A role and responsibility Russell Martin relishes – the Norwich City captain opens up over form and favour
PUBLISHED: 12:04 23 December 2015 | UPDATED: 14:15 23 December 2015
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Form, leadership and where his dad always wanted him to play – Norwich City skipper Russell Martin opens up to Michael Bailey ahead of Christmas…
Russell Martin’s 2015-16 Premier League Stat File
• Only Sebastien Bassong (1.8) and Alex Tettey (1.5) have averaged more interceptions per game than Martin (1.5);
• Martin is still City’s joint second top-scorer (3) alongside Cameron Jerome, and one behind Nathan Redmond (4);
• Martin’s 10 goal attempts make his conversation rate the highest in City’s squad.
The instruction from Alex Neil was – as they tend to be – straight forward: The only opinions that matter are his and those inside the dressing room.
Dealing with the reality of the world outside that environment however, can be anything other than straight forward.
It is one of football’s cycles that players switch from fans’ favourites to a source of all ills. And the reasons why can flitter through the air like yellow and green confetti.
So with 244 appearances, 15 goals and now more than six years at Carrow Road, Norwich City captain Russell Martin has experienced it all – and far more highs than lows.
Asking supporters, pundits and columnists alike – myself included – about his season’s form so far is one thing. But it is Martin’s own assessment that carries the greatest weight. Also, the greatest honesty.
“I was very happy until Newcastle,” said Martin. “I thought I was playing well – I was playing well, that’s my opinion and the manager’s opinion. Then Newcastle happened.
“I went to right-back against West Brom and if I’m being honest, I was rubbish that day – it was the first time I’d played right-back in a long time. We went three at the back at Manchester City and I felt really comfortable there. I enjoyed it. I took one for the team with the sending off, which happens and I’d do the same again. Then I couldn’t get back in.
“Since then I’ve enjoyed it. The second half against Everton and at Old Trafford, I think I played well so I’m fairly happy.
“But you see what happens. I’ve been here longer than most, I’m captain, I accept I’m going to get more stick than most – and the centre-back thing for a few people is still hard to digest. But it doesn’t bother me. I’m not on social media and all that. I get told by my friends and family more than anything – they get more annoyed than me.
“But I’m happy. People can say what they want. I’d love to sit down and go through it with some people, because their opinion won’t change regardless of how I play. But that’s fine. Even the best footballers have their detractors.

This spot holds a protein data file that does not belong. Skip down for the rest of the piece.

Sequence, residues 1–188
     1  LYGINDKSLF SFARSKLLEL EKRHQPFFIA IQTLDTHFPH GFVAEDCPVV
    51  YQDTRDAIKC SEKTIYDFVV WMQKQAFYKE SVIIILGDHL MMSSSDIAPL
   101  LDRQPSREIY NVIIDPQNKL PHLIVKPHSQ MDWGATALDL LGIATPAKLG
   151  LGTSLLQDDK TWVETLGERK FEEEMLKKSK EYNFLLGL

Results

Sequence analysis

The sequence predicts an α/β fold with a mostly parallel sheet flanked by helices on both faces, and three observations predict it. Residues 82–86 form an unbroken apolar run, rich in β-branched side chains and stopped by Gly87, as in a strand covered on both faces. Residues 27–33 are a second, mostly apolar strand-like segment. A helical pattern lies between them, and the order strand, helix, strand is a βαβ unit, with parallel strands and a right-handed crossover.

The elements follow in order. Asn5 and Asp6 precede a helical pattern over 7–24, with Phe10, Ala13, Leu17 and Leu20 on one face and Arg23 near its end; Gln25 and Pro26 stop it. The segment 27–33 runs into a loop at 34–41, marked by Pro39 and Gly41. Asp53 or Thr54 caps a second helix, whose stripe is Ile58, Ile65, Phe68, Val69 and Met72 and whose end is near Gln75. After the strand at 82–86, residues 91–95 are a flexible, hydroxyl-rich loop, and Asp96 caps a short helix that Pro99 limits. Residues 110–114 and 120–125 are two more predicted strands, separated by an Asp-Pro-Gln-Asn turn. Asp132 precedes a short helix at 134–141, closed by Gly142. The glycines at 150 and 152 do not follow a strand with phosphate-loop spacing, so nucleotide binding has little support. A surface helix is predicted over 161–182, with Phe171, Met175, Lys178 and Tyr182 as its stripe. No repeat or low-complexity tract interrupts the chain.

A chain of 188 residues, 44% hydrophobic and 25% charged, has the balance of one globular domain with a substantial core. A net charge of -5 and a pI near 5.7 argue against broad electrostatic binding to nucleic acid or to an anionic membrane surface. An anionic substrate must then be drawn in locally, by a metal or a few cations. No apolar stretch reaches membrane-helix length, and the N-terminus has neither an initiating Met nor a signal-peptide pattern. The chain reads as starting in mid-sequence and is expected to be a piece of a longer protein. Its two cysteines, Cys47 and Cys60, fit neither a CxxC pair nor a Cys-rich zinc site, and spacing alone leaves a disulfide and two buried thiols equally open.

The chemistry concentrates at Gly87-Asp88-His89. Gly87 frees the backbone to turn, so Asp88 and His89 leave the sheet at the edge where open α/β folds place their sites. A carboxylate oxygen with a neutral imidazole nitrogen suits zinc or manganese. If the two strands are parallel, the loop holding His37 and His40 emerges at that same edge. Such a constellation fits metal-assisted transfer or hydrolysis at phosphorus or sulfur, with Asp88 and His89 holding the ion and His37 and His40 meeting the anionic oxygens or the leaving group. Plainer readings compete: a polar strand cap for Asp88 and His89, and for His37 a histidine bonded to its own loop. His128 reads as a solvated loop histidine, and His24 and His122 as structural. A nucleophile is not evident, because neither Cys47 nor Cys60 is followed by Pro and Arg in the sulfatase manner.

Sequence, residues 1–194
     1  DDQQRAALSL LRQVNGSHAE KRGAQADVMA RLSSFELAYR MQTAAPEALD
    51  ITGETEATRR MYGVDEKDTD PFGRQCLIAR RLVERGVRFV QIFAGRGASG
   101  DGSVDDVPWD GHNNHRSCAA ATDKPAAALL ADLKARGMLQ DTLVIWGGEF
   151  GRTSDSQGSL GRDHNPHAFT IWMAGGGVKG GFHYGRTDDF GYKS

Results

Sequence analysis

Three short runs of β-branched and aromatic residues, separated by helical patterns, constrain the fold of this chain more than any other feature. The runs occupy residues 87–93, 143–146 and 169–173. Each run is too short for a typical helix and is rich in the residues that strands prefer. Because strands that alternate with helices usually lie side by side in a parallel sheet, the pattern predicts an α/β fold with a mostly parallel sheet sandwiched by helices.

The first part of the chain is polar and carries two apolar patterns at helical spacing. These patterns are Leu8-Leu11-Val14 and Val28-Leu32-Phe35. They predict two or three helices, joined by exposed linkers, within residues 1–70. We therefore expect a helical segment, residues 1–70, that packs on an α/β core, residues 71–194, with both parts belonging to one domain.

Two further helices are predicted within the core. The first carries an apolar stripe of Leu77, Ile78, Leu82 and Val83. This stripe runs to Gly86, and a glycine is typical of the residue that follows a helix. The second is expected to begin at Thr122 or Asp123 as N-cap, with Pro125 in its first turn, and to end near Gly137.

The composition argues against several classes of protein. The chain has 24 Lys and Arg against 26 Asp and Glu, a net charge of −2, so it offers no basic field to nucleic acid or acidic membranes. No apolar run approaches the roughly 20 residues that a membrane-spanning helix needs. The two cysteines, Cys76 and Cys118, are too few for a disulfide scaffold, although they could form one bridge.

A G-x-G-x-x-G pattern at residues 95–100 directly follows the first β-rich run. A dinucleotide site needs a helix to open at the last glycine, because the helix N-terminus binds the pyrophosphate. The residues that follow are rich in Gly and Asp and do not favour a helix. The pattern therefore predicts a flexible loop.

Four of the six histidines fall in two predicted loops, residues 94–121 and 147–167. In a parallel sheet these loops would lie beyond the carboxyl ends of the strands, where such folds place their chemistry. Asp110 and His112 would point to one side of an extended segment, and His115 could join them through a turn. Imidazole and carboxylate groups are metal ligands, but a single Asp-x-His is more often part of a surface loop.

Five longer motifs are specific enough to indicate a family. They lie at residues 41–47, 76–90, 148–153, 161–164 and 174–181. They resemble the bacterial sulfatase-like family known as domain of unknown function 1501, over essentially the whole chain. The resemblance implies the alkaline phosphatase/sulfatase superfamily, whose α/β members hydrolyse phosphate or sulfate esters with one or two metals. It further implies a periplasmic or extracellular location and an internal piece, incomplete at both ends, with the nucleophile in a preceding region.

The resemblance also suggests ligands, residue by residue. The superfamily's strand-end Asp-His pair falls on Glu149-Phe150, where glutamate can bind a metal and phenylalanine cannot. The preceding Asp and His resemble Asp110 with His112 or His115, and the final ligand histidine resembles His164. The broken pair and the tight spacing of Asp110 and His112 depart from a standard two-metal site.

“Things like Newcastle are going to happen in the Premier League. We’re humans. We’re not going to play well every week. I feel like with where we are, we’re such a big part of the community and the city, we’re talked about a lot and it means so much to people – but they sometimes don’t realise how much it means to myself and to the other lads. It means more to us staying in the Premier League than anyone else. It affects us more than anyone else. Norwich City Football Club will still be here whether it’s in the Championship or Premier League. We might not. I don’t want another relegation on my CV, it’s as simple as that. So a couple of games aside, I’m happy, I feel really good and I like the status I’ve got within the team and the squad.”
That position exudes the air of a leader, of course. It comes with the armband. But it’s a responsibility Martin is happy to see shared – in fact, he has been demanding it.
“I’ve said it all season to the lads, we need to take more responsibility,” added the 29-year-old. “I think at times we take the gaffer too literally and we try to do everything exactly to the letter, but things happen on the pitch he can’t influence.
“We have been quiet as a team in the past. There are only a few of us that are vocal. And it’s not all about ‘Come on, rah rah’ – that’s not leadership. It’s about giving good information, setting an example on the pitch and making sure you direct the people next to you and in front of you. That’s leadership. I’m sure fans want to see ranters and ravers, but it’s about being in the dressing room, being there for the lads and making sure you are a voice and a sounding board. There are a few of us in there that try to do that and the gaffer trusts us to do that. He said we need to take more responsibility and we have done that.”
So after some epic performances away from Carrow Road, this year’s excursions come end at White Hart Lane as City take on Tottenham – a special place for Martin.
“My old man used to take me to White Hart Lane and tell me, ‘You’ll play here one day’ – he wanted me to play for Spurs but that’s not happened,” smiled Martin. “I love it there, love playing there. It’s a great atmosphere and we’ve played well when we’ve gone there in the past, so we need to do that again.
“Boxing Day adds its own thing too. It’s special for fans – it always was when I when I used to watch.”
A special day off the back of a special win, from a captain determined to make sure the highs don’t stop with the turn of the year. Even the greatest of Norwich City critics will wish for that this Christmas.
• Follow Michael Bailey on Twitter @michaeljbailey